A leading expert has welcomed the latest news on the Pfizer vaccine but warned that the need for a distribution structure may hamper the ability to build the requisite ability to vaccinate the population.
Reynold Panettieri, Vice Chancellor for Translational Medicine and Science at Rutgers University, was speaking as Pfizer vaccine passed the third stage trials with the plan to seek US and UK approval in the coming days. Pfizer also announced that its coronavirus vaccine was 95 percent effective and had no serious side effects.
“By all accounts this is a safe vaccine, so it should go through FDA approval for emergency authorization smoothly,” he explained. “The good news is that some people may be vaccinated before year’s end. Initially, the vaccine will be distributed to the health care workers who are manning the front lines, taking care of individuals who are ill, then to those with compromised health conditions.”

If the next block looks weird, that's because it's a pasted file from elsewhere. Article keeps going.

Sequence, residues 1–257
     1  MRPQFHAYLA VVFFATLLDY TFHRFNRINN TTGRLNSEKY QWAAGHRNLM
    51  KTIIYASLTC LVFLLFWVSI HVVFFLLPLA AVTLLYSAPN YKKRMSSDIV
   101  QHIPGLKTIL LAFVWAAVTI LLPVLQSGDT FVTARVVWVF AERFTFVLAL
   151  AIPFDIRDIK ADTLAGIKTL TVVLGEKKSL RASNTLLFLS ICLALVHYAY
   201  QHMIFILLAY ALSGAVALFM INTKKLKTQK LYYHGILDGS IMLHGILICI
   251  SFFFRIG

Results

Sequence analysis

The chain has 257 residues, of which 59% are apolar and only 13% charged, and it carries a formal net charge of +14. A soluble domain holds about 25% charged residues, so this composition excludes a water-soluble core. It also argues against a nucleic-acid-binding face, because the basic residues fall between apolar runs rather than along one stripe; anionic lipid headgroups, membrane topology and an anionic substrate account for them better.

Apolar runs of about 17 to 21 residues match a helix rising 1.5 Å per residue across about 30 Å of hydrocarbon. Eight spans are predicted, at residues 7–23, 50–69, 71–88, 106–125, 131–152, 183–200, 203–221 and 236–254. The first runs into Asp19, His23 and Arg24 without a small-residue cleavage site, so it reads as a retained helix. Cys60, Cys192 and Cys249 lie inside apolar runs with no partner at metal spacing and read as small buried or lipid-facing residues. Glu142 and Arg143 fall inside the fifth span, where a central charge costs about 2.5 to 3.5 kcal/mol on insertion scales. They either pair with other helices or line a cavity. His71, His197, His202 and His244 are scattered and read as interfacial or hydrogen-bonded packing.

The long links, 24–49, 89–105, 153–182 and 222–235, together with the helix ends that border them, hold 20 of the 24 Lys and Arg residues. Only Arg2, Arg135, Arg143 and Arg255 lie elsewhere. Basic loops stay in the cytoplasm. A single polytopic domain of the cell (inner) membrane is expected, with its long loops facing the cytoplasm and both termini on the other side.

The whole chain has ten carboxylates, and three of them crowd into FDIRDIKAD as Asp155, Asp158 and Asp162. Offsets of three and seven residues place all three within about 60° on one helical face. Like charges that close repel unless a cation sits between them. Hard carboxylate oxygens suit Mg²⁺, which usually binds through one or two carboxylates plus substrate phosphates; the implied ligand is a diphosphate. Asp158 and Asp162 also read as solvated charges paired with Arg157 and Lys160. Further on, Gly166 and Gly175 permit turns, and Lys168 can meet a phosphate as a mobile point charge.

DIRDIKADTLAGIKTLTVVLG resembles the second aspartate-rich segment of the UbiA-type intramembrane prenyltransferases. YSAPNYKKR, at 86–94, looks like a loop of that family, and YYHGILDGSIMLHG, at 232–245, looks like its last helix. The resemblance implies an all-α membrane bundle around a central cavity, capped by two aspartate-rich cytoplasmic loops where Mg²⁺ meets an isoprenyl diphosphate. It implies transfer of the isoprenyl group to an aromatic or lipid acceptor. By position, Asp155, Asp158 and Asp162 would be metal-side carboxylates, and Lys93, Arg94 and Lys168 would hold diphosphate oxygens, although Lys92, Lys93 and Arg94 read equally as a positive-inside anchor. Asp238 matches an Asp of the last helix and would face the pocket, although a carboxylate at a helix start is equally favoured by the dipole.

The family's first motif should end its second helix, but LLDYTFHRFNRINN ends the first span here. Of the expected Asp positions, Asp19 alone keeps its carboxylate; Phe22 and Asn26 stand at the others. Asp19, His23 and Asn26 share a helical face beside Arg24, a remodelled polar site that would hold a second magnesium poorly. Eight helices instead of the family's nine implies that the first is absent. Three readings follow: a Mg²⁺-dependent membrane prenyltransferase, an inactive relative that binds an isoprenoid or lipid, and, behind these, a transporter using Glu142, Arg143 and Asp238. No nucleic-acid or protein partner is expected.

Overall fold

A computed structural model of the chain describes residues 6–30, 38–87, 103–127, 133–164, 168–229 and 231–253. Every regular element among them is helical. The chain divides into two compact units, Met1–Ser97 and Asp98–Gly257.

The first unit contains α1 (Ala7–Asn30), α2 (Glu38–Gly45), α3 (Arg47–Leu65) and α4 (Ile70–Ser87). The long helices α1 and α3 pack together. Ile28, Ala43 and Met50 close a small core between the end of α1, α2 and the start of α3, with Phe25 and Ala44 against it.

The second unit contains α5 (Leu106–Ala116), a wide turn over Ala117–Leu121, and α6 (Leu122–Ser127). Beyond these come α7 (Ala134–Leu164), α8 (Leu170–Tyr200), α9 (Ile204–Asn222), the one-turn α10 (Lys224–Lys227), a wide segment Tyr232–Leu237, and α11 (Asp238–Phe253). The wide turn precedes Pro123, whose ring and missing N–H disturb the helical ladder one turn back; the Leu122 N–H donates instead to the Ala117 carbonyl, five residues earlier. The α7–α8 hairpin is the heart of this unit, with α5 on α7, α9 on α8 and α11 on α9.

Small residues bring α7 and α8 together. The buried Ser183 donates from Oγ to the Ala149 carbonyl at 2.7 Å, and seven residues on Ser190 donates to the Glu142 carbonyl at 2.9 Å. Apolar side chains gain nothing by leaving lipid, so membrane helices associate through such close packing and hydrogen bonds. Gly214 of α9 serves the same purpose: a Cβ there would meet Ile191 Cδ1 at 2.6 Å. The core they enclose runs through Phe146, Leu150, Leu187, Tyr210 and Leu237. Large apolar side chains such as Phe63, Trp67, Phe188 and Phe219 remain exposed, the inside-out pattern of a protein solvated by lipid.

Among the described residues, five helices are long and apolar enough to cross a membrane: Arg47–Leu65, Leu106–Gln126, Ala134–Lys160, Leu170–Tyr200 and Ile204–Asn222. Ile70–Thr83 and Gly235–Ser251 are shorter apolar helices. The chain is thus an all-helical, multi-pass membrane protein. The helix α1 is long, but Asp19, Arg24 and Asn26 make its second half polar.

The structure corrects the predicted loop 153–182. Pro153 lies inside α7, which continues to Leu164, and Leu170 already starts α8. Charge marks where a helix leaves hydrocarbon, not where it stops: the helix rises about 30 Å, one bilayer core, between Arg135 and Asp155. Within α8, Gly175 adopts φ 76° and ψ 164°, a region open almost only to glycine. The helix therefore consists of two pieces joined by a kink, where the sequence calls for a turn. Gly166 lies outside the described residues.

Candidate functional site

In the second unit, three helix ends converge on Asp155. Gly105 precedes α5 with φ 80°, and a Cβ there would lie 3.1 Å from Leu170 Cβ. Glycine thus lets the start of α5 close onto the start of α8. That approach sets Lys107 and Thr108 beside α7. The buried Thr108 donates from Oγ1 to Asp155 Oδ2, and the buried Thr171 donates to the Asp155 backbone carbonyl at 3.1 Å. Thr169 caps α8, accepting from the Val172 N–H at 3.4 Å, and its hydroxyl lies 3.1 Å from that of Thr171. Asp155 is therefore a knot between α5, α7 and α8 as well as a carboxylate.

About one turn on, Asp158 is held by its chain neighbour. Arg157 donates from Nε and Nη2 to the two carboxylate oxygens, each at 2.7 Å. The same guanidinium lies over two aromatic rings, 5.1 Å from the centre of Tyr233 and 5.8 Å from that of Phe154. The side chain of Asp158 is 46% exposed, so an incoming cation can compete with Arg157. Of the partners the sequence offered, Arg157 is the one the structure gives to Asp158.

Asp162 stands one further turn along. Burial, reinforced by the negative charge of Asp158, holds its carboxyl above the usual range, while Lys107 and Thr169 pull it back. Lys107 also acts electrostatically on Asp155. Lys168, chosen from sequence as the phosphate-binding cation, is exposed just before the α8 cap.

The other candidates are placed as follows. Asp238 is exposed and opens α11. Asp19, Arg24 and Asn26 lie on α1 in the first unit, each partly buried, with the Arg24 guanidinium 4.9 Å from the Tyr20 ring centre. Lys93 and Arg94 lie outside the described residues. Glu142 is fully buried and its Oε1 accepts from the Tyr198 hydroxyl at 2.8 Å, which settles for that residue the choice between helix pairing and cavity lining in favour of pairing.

Distribution of Pfizer’s vaccine is a major hurdle for medical authorities across the globe. It will require specially built freezer facilities not normally required for vaccine distribution.
Initially it looks set to be distributed in four US states and the company said it was confident that the obstacles can be overcome.
However, Mr Panettieri warned he still feared the temperature need to store and transport the drug came with real challenges.
“The issue is less who is getting the vaccine, but how,” he explained. “The logistics of producing that number of doses and vaccinating millions of people is formidable. The Pfizer vaccine also has to be stored at -94 degrees Fahrenheit, which is five times colder than a kitchen freezer. Strategically located distribution centres would be necessary since retail pharmacies do not have these types of freezers.
“There are many other vaccines on the horizon,” he continued. “For example, Rutgers is a Covid-19 vaccine trial site for Moderna, which announced its vaccine — an mRNA platform similar to Pfizer’s vaccine and also requiring two doses — is 94.5 effective, but does not need that type of ultra-refrigeration, simplifying distribution. Additionally, Rutgers is also a site for a viral vector vaccine produced by Johnson & Johnson.”